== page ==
The 3rd workshop day is typically focused on setting goals for the next 3 months. In addition, ELISA members spend time collaborating in long deeper dive Development Process WG’s working sessions. These sessions actually make the turn from the conference character to a workshop character. Also other sessions such as the goal settings for the next quarter leave enough room to have alignment among the active ELISA members including the Technical Steering Committee. These sessions see fewer first time attendees. We encourage new members to attend the goal setting sessions in the hope that they might be able to engage and collaborate with us on achieving our goals for the next quarter. We sincerely hope all the first time attendees will join us in our upcoming 7th workshop in May 2021.

Closing thoughts

Recapping the three days of this workshop, it is nice to see that the ELISA project is making steady progress and providing enough technical content so that the different working groups start to align and work together more effectively. The Development Process WG has become large enough to spin out smaller teams to focus on WG goals. The ELISA workshops are instrumental in collaborating on discussing current work and in collecting feedback to gain valuable insights and generate new ideas.

ELISA Workshop #6 Virtual February 2-4, 2021

By Blog, Workshop

The ELISA Workshop #6 will be held over 3 days, February 2-4, 2021.

Once again the ELISA technical community will gather virtually to continue advancing on topics and work relevant to functional safety and safe linux applications. The ELISA Workshop series are focused on education and outreach for new community members, exchanges of ideas and feedback from the linux kernel and safety communities, as well as productive collaboration to make tangible progress toward achieving the mission and goals of the ELISA Project.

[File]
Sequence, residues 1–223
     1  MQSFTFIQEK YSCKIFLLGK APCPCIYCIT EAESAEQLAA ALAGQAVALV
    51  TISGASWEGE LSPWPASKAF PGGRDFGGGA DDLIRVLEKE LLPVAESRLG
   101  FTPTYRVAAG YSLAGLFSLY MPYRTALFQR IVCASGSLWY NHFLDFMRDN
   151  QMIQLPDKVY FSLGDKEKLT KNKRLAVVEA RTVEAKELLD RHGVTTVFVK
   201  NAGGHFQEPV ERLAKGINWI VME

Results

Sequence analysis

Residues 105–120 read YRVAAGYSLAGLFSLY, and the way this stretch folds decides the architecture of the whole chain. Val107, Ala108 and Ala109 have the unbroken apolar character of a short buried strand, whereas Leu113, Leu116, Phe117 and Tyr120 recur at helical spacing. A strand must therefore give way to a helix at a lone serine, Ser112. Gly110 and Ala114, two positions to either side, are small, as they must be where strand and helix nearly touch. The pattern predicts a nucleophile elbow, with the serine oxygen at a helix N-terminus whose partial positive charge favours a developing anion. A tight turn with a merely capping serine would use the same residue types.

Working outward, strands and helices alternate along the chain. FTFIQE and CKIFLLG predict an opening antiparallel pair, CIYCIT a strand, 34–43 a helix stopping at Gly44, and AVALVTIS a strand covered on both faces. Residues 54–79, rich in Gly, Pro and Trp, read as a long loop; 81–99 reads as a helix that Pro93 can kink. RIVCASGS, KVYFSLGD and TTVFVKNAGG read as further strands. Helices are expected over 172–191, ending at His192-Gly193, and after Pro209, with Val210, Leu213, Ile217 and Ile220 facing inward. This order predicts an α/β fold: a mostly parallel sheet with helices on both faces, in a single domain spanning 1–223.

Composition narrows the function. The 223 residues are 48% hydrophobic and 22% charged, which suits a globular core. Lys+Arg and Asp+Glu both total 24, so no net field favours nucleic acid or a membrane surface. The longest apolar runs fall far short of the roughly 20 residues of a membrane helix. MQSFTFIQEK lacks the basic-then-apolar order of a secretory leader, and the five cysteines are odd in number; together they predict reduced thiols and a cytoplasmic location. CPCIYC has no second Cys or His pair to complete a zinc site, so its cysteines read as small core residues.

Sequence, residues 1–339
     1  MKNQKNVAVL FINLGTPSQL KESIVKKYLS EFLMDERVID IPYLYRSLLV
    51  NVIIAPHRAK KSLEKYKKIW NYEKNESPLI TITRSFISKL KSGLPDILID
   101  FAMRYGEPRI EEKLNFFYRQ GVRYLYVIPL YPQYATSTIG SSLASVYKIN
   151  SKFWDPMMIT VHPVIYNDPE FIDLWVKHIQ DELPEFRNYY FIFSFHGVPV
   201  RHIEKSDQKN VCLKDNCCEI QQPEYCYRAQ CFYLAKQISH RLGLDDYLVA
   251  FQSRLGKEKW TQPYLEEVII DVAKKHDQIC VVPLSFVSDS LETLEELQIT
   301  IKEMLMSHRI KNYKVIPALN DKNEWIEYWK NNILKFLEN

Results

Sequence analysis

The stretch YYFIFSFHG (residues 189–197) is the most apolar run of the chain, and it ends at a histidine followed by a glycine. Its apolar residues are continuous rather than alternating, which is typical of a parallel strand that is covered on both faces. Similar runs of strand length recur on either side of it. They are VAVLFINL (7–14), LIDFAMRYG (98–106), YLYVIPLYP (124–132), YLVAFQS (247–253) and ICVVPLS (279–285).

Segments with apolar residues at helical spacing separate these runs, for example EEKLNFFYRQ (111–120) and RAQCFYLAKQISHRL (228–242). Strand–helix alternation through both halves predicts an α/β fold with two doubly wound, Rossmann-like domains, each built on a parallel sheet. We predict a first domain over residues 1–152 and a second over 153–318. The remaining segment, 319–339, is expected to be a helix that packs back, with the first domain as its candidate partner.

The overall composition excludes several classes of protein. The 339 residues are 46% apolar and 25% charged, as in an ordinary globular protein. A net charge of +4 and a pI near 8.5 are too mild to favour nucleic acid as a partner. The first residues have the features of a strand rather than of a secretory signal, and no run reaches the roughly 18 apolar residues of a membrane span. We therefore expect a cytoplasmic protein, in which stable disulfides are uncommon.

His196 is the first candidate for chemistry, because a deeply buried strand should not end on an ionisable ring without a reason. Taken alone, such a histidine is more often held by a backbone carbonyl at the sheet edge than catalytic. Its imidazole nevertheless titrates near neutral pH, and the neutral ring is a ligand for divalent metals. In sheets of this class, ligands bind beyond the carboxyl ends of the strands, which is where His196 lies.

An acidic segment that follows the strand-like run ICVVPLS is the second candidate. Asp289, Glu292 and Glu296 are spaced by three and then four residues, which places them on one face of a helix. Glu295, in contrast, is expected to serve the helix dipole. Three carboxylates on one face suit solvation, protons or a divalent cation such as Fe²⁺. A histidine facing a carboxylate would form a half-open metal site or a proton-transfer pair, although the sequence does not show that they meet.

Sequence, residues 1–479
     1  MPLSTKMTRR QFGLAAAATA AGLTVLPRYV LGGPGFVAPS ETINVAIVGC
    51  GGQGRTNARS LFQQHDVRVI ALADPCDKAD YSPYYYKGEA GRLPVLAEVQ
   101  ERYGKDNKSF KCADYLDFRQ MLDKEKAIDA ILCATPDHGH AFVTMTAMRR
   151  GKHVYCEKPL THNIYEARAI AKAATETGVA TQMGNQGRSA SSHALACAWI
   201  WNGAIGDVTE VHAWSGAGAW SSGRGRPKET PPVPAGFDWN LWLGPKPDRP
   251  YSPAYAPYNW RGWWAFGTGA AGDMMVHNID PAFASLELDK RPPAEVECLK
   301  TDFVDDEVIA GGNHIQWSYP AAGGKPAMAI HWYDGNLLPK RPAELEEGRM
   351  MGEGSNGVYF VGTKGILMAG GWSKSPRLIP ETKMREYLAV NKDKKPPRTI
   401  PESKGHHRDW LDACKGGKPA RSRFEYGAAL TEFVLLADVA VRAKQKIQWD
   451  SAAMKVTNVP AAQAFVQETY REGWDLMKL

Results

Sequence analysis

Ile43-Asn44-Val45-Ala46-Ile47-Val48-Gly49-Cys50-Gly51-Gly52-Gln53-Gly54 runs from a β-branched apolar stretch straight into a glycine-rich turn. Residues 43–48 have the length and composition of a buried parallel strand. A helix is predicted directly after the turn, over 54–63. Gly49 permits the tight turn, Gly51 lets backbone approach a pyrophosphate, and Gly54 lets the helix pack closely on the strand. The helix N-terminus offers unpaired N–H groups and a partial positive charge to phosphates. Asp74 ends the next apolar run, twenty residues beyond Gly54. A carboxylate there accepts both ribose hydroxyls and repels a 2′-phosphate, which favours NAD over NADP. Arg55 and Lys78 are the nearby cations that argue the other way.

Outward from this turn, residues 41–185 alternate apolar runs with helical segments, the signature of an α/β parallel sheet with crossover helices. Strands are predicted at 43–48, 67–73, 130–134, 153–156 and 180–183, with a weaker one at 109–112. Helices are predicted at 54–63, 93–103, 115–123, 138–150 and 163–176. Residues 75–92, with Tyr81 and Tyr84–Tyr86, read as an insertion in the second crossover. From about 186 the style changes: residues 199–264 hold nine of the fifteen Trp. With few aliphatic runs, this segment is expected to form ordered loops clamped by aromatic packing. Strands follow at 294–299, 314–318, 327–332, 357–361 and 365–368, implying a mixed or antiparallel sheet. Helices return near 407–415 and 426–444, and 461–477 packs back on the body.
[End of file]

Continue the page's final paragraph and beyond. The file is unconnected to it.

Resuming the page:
Workshop registration is now closed.

All workshop attendees must register in order to receive session joining details.

Please contact for late registration requests or any other workshop related questions.

Session Schedule (UTC)

Day 1: Tuesday, February 2, 2021

12:00 – 12:30 Welcome and ELISA Strategy (Shuah Khan, Kate Stewart)

12:30 – 13:00 Summary of Safety Architecture WG Activities (Gab Paoloni)

13:00 – 13:30 Summary of Automotive WG Activities (Jochen Kall)

13:30 – 14:00 Summary of Development WG Activities (Elana Copperman)

14:00 – 14:30 Introduction of Tool Investigation and Code Improvement Subgroup (Lukas Bulwahn)

14:30 – 15:00 Summary of Medical Devices WG (Kate Stewart)

15:00 – 16:00 Effective Use of MISRA Checkers (Gabriele Paoloni, Eli Gurvitz, Roberto Paccapeli, Maurizio Iacaruso)

16:00 – 17:00 Testing Strategy for Safety Qualification and FFI Evidences (Gabriele Paoloni, Eli Gurvitz)

Day 2: Wednesday, February 3, 2021

10:30 – 11:30 Cybersecurity Expectations in the Automotive World (Andreas Gasch)

11:30 – 12:30 Code Coverage Analysis for GLibC (Eli Gurvitz, Ashutosh Pandey)

12:30 – 13:30 Intel’s Linux Test Robot (Eli Gurvitz, Oliver Sang, Philip Li)

13:30 – 14:00 Linux in Basic Safety Application White Paper Update (Jason Smith)

14:00 – 15:00 Manage ELISA Documenation in GitHub (Paul Albertella, Pete Brink, Jochen Kall, John MacGregor, Jason Smith)

15:00 – 15:30 Updates on Measuring Code Review in Linux Kernel (Basak Erdamar, Lukas Bulwahn)

15:30 – 16:00 Lightening Talks (Lukas Bulwahn)

16:00 – 18:00 Kernel Configuration for Safety Critical Applications (Shuah Khan, Elana Copperman)

Day 3: Thursday, February 4, 2021

12:00 – 12:30 To Whom It May Concern, Please Integrate My Patch (Pia Eichinger, Lukas Bulwahn, Ralf Ramsauer, Wolfgang Mauerer)

12:30 – 13:30 Networking / Social Mixer (those who express interest will be sent a separate meeting invite)

13:30 – 14: 30 Goal Setting for Next Quarter (Shuah Khan)

14:30 – 15:00 Workshop Wrap-up (Shuah Khan, Kate Stewart)

15:00 – 17:00 Kernel Testing Reference Process and Follow-ups for ELISA (Elana Copperman, Kate Stewart, Paul Albertella, Pete Brink)


Have questions about the ELISA Workshop? Please contact

ELISA Workshop #5 Virtual September 29 – October 1

By Blog, Workshop

The ELISA community will collaborate virtually September 29 to October 1.

Over twenty sessions with topics ranging from Working Group updates to deep dives into linux technologies, follow-ups from Linux Plumber Conference, and extended collaborative working sessions are being planned over the course of the 3 days.


Registration closed at 5pm EDT, Thursday, September 24th.

Attending Workshop Sessions

Please go to Workshop Session Calendar for session virtual meeting details.